You may or may not think that a merger between the Institute and UCL is a good idea, but you can hardly claim that it’s been rushed through at breakneck speed by senior management. Why is this important? In part, it’s because of where knowledge is to be found in the organisation. In universities, the knowledge needed to run the teaching and research enterprise is in the middle and lower layers – universities are what the literature calls bottom-heavy organisations. The key subject knowledges aren’t at the top: the people there are selected on different grounds.

There are many implications in this for the way that universities should be run, and involving ordinary workers in strategic decision-making is one of them. As the American management writer Gary Hamel observes, “in a high-trust, low-fear organisation, employees don’t need a lot of oversight – they need to be mentored and supported, rather than bossed around.” That’s what should happen in good university departments.

Regrettably, I think, some English universities are responding to the more market-based higher education landscape that has emerged over the last few years by creating (probably inadvertently) low-trust, high-fear organisations, with a lot of bossing-around (and firing) of both academic and professional staff. Research, soon to be published, which I’ve carried out with Professor Claire Callender and Dr Natasha Kersh from the Institute, and Lyn Grove from the LSE, shows how some universities are (over-)reacting to the idea of “the student as customer”, stimulated by the new student fee regime, by imposing top-down, strongly centralised, target-oriented cultures because of a sense that they need to be seen to respond to student demands in order to maintain their positions in the marketplace. This won’t end well.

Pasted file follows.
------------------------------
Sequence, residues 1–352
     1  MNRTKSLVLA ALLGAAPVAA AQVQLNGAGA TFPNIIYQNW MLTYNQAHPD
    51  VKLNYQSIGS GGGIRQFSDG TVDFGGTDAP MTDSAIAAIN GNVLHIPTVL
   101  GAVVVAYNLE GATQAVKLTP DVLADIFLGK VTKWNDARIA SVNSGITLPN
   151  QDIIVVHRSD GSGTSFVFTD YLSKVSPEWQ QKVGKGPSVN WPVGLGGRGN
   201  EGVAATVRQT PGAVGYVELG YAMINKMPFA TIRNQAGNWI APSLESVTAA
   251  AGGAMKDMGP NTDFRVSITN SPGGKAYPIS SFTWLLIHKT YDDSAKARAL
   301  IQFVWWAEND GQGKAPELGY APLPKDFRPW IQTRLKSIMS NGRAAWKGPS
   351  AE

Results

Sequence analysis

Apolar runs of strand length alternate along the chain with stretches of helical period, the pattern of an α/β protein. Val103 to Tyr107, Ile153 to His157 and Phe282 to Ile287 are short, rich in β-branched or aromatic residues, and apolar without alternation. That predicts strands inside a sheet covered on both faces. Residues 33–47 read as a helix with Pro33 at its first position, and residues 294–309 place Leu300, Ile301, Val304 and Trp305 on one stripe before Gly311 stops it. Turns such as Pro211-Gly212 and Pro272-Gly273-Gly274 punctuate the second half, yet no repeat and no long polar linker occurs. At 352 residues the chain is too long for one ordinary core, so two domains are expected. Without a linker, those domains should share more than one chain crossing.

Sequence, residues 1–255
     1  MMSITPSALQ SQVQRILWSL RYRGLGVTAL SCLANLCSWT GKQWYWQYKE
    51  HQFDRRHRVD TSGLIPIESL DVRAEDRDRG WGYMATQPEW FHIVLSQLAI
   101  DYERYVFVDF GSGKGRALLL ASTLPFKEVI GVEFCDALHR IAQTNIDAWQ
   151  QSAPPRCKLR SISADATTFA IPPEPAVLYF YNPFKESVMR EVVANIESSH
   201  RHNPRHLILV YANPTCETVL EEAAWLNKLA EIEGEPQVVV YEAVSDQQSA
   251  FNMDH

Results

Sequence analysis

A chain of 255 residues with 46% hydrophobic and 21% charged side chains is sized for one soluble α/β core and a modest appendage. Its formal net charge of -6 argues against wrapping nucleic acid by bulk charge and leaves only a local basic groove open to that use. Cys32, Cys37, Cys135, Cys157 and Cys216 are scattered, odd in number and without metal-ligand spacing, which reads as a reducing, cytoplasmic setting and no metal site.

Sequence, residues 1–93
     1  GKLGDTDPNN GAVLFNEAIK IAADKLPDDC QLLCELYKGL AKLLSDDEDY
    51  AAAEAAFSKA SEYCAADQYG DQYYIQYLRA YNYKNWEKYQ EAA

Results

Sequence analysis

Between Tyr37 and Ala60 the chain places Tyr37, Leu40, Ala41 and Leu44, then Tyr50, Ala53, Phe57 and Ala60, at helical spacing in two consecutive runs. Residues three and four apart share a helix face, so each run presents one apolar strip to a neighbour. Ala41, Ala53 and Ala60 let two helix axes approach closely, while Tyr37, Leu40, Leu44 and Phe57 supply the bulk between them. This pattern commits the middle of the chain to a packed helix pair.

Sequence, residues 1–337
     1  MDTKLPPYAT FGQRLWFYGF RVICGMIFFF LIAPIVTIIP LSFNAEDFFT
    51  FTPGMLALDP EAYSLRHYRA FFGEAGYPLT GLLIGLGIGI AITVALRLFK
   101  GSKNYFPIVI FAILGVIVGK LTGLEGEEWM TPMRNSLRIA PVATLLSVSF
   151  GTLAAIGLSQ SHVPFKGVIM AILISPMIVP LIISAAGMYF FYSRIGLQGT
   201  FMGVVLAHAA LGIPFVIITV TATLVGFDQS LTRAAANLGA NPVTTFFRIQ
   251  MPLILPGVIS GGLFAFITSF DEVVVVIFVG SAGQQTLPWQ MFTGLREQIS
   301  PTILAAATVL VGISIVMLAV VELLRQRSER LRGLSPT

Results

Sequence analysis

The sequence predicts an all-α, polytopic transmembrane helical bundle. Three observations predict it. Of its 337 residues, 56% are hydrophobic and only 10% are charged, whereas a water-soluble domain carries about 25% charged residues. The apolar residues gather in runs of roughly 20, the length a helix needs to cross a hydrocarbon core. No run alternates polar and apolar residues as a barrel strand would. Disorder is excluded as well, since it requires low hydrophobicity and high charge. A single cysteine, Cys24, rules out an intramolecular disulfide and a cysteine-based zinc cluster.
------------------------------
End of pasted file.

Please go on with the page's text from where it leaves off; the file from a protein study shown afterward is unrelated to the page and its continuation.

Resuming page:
Instead, universities (especially big ones) need to be kept feeling small, with flat hierarchies and what our colleague Professor Michael Shattock calls “a tight turning circle” – that is, the ability to respond quickly to new opportunities or threats. Structures matter here: they need to be decentralised enough to respond to personal circumstances (whether of staff or students) and not to be shackled by bureaucratic rules created merely to ensure uniformity. Different academic departments should be able to meet students’ needs in different ways. People instead need to be trusted to make sensible decisions, which they’re more likely to do if they feel ownership of whatever the problem is, rather than seeing it as just another problem to be decided by central rules.